A woman feeding sharks was bitten on her finger.
Melissa Brunning was visiting the remote Kimbolton region of Western Australia on a super yacht.
On day three of the two-week cruise, the 34-year-old structural draftsperson was the last of the group to step on the partially-submerged swim deck to feed tawny nurse sharks.
She was unaware that nurse sharks suck prey into their mouths as she held a bit of bait in front of the six-foot shark.
As the shark sucked in the bait, it also pulled in Brunning’s right index finger, pulling her down onto the swim deck.
A man who was standing near quickly reached for her and helped her regain her footing.
“I think the shark was in shock as much as I was . . . the only way I can describe it is this immense pressure and it felt like it was shredding it off the bone,” she told The West Australian. “I came up and I was like, ‘I’ve lost my finger, my finger’s gone’.”
While Brunning’s finger was still attached, there were several lacerations and she decided to see if it would heal on its own as she continued her vacation.
Once her trip was completed, she sought medical care for the wounded digit which was now infected.
Doctors attempted to flush out the infection and found that a ligament was torn, and the finger was fractured.
Brunning takes full responsibility for the bite.
“This is not a shark attack, this is just a blonde doing a stupid thing. I’m not a shark victim . . . I have full respect for sharks; I think they’re incredible. I’ve always had the opinion that when you’re in the water, they’re top of the food chain, it’s their domain.
“We’re not meant to be in the water, if we were we’d have gills,” she added. She has taken one lesson to heart “respect marine life, and look at it in awe, but just leave them alone.”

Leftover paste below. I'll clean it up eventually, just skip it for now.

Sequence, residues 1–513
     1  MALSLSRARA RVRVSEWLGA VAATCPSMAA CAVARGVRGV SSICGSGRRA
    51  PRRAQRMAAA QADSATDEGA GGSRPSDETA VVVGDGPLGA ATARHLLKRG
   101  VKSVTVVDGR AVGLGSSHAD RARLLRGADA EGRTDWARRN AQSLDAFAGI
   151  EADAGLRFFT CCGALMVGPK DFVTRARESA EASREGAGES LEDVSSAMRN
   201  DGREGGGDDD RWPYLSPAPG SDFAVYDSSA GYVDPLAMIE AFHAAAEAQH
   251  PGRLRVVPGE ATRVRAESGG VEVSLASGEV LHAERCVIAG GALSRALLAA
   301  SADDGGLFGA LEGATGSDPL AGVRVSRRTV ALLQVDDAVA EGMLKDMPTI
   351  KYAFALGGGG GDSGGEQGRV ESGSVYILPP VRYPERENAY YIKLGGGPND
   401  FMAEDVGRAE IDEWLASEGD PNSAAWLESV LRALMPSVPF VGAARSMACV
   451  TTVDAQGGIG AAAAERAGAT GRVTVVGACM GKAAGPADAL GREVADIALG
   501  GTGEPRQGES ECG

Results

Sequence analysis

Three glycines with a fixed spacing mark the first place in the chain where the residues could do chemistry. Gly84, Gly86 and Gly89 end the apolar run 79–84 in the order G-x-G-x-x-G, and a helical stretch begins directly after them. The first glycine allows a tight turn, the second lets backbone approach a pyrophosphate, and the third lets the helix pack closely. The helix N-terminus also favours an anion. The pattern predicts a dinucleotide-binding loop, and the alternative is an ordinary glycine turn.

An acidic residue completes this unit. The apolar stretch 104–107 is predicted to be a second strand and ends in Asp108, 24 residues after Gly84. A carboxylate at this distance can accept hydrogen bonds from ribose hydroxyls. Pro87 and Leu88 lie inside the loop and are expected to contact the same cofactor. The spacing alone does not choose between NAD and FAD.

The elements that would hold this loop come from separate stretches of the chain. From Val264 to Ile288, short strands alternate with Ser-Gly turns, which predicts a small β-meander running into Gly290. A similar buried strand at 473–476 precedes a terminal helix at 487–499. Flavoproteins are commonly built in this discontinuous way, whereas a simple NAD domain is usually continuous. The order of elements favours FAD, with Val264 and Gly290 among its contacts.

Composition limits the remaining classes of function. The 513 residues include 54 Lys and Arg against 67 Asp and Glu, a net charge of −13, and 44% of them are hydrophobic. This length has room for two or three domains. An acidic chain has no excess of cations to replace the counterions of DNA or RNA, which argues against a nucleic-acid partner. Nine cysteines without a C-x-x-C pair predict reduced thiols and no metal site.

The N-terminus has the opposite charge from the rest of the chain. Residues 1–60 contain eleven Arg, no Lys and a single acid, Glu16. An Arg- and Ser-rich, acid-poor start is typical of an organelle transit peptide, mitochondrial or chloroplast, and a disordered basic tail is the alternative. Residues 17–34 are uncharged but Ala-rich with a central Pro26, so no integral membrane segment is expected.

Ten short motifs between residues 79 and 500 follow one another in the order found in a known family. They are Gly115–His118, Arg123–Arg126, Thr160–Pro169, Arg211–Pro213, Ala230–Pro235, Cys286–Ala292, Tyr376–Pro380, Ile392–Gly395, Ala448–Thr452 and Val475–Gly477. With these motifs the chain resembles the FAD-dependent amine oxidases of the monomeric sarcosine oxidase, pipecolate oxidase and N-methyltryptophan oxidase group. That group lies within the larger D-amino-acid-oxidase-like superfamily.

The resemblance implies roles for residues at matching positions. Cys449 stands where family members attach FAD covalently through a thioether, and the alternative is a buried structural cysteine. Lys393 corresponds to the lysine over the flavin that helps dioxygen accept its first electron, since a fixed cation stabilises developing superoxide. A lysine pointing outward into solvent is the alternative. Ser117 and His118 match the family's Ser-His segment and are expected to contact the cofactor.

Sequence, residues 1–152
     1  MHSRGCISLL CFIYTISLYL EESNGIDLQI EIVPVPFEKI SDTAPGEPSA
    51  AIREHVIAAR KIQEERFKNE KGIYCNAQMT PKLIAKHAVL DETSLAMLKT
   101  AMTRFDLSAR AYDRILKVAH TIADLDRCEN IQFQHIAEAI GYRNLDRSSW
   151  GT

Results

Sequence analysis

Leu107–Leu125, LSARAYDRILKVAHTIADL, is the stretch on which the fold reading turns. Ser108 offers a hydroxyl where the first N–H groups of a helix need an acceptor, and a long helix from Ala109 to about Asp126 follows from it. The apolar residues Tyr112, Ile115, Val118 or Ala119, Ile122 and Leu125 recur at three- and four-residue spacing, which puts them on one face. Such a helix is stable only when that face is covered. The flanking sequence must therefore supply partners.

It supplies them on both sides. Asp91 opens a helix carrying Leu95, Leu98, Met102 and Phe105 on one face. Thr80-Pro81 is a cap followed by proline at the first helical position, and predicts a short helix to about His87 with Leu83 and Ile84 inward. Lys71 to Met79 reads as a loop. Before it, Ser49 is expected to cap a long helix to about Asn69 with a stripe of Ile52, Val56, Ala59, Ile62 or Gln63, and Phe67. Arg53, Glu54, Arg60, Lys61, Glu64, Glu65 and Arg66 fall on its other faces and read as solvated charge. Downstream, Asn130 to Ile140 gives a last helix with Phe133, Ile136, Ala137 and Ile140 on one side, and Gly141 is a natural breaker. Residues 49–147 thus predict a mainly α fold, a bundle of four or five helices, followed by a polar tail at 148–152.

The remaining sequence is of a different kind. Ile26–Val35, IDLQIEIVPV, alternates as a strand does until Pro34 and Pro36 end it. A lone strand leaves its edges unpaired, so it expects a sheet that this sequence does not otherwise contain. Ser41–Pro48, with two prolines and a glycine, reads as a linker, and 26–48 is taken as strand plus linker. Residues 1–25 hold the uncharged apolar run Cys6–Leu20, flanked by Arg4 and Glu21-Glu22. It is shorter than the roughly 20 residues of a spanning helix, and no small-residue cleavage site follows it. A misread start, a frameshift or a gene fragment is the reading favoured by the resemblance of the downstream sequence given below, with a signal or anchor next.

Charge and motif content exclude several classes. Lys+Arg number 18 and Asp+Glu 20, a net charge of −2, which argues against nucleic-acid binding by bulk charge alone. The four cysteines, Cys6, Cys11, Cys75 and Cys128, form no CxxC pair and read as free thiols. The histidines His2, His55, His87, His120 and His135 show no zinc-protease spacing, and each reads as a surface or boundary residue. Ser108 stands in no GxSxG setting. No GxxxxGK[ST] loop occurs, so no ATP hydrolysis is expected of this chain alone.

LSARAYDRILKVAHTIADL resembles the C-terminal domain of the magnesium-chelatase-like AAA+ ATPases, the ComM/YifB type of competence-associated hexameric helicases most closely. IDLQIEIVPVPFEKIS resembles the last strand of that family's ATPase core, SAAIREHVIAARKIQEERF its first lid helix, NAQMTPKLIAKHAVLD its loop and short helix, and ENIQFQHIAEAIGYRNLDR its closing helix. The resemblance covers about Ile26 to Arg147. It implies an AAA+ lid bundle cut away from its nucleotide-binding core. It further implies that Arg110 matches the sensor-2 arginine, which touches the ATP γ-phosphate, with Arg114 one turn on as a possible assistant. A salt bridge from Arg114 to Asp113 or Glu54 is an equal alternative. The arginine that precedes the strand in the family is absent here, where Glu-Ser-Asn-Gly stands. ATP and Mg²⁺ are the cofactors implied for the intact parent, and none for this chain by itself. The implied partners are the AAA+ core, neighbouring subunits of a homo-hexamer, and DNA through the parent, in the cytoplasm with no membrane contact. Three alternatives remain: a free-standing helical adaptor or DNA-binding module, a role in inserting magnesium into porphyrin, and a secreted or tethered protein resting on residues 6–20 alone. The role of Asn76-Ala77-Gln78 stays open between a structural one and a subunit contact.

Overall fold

While nurse sharks are considered docile, they will bite when provoked.
There have been several cases where smaller nurse sharks have held on and required removal by emergency personnel.
Sairol Harun was fishing off the coast of Malaysia December 21, 2017 when a nurse shark grabbed him above the knee.
The 24-year-old had to call police who used special fishing equipment to remove the shark.
Ervin Maccarty was bitten on the stomach by a juvenile nurse shark in the Florida Keys on September 2, 2017. Video shows the shark refusing to release its bite until its gills were sliced open.
There have been a total of 47 shark attack bites (34 with injury, 7 of which are considered provoked*) publicly reported in 2018. One fatal**; 9 were reported in the U.S., with 3 occurring in Florida and 2 in Hawaii. Fifteen have been reported in Australia, none fatal.
All locations have been marked on the 2018 Shark Attack Bites Tracking Map.
Four unconfirmed bites, worldwide, not included in the total count.
*Provoked defined as spearfishing, feeding sharks, fishing, etc. (listed with green marker).
**One possible scavenge